On or about January 17, 1995, Local 18A moved for partial summary judgment on its counterclaims. (Def.'s 3(g) Statement P 11; Pl.'s 3(g) Statement P 3.) In a decision dated February 16, 1995, Justice Gammerman granted Local 18A's motion with respect to the issue of Hennessy's liability to Local 18A, referred the issue of Local 18A's damages to a referee, and directed the parties to prepare for trial on Hennessy's claim for benefits under the Termination Pay Plan. (Def.'s 3(g) Statement P 12; Pl.'s 3(g) Statement P 3.) On March 17, 1995, Hennessy filed a notice of appeal with the Appellate Division, First Department, challenging the order granting summary judgment on Local 18A's counterclaim with respect to liability. (Def.'s 3(g) Statement P 13; Bartlett Aff. Ex. D; Pl.'s 3(g) Statement P 3.) To date, no inquest has been held, and the issue of damages on the counterclaim is still pending. (Def.'s 3(g) Statement P 14; Pl.'s 3(g) Statement P 3.)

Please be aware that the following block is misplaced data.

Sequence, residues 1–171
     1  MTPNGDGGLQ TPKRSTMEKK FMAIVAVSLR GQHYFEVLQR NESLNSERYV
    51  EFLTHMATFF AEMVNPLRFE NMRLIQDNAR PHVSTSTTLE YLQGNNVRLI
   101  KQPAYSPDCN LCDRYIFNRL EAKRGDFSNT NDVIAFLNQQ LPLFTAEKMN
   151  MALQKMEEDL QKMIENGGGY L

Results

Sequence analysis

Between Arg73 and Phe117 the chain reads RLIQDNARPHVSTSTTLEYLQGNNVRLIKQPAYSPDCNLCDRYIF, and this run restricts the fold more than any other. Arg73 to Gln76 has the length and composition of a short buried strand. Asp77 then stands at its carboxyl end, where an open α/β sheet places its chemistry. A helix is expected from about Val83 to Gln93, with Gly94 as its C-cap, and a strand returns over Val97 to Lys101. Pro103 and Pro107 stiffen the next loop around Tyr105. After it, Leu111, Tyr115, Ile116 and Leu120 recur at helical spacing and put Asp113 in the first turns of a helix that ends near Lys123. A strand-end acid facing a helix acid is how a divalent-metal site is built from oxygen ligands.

On or about April 17, 1995, Local 18A served a motion for summary judgment seeking dismissal of the complaint. (Def.'s 3(g) Statement P 15; Pl.'s 3(g) Statement P 3.) Hennessy served a cross-motion seeking an order discontinuing the state court action. (Def.'s 3(g) Statement P 16; Pl.'s 3(g) Statement P 3.) In an order dated May 23, 1995, the court granted Local 18A's motion for summary judgment, dismissed the complaint, and denied Hennessy's cross-motion for an order of discontinuance. (Def.'s 3(g) Statement P 17; Bartlett Aff. Ex. E; Pl.'s 3(g) Statement P 3.) Justice Gammerman explained on the record:
I have had some familiarity with the case and in my view there is absolutely no basis for the claim. To permit the action to be discontinued without prejudice will merely encourage the plaintiff to seek the monies he's seeking here in another forum, and in my view there is no merit to the claim. There is no basis for seeking it anyplace.
(Bartlett Aff. Ex. E at 2-3.) Hennessy concedes that under New York law he could have appealed the dismissal of his claim for Termination Pay but did not do so. At oral argument on this motion, however, his counsel explained that he chose to await a decision on the damages ...